There was a rage building inside me and “Found A Cure” was that song that embodied what I felt. Lines like “Feels like I’m going crazy, feels like I’m going insane” were my everyday life and I wanted out but I was still underaged. “How many times have you been left alone and you feel confused?” solidified my connection to Ultra. This was the second single from the album which hit #1 on Billboard Club Songs. The music video was directed by Charles Stone III who would years later direct the epic CrazySexyCool: The TLC Story. Larry Flick of Billboard wrote “Naté fearlessly faces the challenge with a jam that smartly doesn’t aim to duplicate the tone of her now-classic hit…The diva is in fine voice here and is matched by a muscular bassline and keyboard/guitar interplay that oozes with funk flavor…Miss Nate proves there’s more than Free in her locker with a pure floorfiller. A Gloria Gaynor for the Millennium.” Mic drop.
“A New Kind of Medicine,” the album’s second track, and third single, lightened the mood after the dark yet realist ‘Situation’. During this era in House music Disco samples were a huge commodity. While this was purely an original song the Disco influence is prevalent. The single had some heavy hitters on the remixes and the first two being producers in Freestyle: Albert Cabrera, David Morales, and Danny Tenaglia. The Morales mix is quite festive especially at the 5:20 mark when you get that tidbit of Inner City’s “Big Fun” followed by a lyric not in the original: “Stop taking me down.”
My favorite track on the album was the last single released from the album, the Al Mack produced “Release The Pressure.” How can you not feel like you’re transpired into a film where the woman is struggling, breaking shit, cursing bitches out, lights a joint, a sip of wine, puts on her favorite 12” and gets her damn life. The production on this track has so many beautiful layers from the piano, to the horns, and guitars. It always felt like time froze whenever this track came on. The song was also featured on the soundtrack The 24 Hour Woman starring Rosie Perez. This is one of my forever tracks because it always remains true to this day: “You get up, It knocks you back down, Release the pressure, Let it out.”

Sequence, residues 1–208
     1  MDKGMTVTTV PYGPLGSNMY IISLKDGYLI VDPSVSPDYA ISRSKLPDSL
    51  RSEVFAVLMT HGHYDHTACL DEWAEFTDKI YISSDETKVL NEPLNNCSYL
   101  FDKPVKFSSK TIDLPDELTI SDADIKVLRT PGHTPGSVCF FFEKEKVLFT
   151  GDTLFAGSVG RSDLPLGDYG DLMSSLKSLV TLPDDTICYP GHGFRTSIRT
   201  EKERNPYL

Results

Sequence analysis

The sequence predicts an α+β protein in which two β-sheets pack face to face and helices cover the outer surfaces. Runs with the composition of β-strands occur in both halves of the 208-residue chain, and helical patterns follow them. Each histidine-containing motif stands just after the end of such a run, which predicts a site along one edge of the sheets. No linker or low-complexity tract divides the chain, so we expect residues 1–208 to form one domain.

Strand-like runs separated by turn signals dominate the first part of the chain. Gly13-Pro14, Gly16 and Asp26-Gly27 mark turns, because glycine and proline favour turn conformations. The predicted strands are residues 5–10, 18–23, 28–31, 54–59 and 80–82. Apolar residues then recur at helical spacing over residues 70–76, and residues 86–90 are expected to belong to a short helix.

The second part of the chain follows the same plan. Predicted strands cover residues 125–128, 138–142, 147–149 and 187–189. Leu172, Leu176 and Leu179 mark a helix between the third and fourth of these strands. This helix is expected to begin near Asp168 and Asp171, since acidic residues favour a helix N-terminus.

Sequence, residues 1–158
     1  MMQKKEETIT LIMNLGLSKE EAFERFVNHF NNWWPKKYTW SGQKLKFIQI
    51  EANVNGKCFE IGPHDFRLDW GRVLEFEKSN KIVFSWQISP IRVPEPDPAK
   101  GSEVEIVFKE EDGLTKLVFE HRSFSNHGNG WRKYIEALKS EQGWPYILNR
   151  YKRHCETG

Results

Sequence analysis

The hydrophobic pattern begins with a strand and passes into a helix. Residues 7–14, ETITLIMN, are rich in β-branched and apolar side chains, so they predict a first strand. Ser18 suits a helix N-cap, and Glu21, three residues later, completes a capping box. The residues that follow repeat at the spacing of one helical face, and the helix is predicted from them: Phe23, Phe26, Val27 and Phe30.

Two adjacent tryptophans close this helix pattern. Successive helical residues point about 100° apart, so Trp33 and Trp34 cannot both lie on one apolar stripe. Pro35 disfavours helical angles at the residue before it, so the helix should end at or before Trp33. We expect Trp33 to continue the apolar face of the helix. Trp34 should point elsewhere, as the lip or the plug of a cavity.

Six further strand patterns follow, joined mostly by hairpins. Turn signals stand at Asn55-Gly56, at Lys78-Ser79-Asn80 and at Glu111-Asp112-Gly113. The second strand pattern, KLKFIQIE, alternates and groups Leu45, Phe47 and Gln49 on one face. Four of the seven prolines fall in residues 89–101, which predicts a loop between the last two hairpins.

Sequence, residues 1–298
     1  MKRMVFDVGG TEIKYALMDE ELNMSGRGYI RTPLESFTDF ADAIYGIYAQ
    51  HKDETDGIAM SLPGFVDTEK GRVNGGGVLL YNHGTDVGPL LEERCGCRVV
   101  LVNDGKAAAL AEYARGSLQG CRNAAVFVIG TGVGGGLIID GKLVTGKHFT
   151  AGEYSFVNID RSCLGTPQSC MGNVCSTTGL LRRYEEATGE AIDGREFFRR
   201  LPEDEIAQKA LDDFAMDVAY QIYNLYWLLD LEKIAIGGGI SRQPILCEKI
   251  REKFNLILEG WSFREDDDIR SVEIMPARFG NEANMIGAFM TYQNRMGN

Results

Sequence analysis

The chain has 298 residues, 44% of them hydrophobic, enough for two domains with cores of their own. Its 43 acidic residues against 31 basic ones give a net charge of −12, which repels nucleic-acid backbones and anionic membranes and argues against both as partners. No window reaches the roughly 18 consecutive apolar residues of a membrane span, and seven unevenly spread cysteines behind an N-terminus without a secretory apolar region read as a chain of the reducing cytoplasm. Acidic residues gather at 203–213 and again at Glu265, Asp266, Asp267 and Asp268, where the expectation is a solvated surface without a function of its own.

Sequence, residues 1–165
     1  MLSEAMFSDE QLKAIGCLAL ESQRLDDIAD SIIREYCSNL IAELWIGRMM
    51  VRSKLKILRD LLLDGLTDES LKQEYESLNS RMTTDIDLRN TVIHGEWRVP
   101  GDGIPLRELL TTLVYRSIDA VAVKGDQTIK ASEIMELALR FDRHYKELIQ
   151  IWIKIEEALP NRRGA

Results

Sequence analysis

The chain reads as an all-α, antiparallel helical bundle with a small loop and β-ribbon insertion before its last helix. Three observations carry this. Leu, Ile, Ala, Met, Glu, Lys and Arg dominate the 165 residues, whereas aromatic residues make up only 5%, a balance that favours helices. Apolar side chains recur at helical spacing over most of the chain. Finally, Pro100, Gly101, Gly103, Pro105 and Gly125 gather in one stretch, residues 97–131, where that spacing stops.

The album itself pays homage to the 70’s and 80’s influence of staples in Disco, Funk and House which are very evident in: “Any Ole Love” (Indeep’s “Last Night A DJ Saved My Life”) and “Love You Can’t Deny” (Royal House “Can You Party”). The mellower affairs “It’s Crying Time” and “Every Now and Then” were so damn pretty that they seduced my young self who was anti anything slow. The last original track on the album “Divine Love,” produced by the duo Masters At Work, transports you to Sunday mass everytime. That 5 minute mark is pure gospel ear candy with those luscious rhodes and ab libs take you on a journey to the ether. This felt like the sequel to “Rejoicing (I’ll Never Forget)” from her first album Blue Notes In The Basement. At this point in time I was severely struggling with my belief in God however this song just anoints you, especially the 9 minute MAW Version.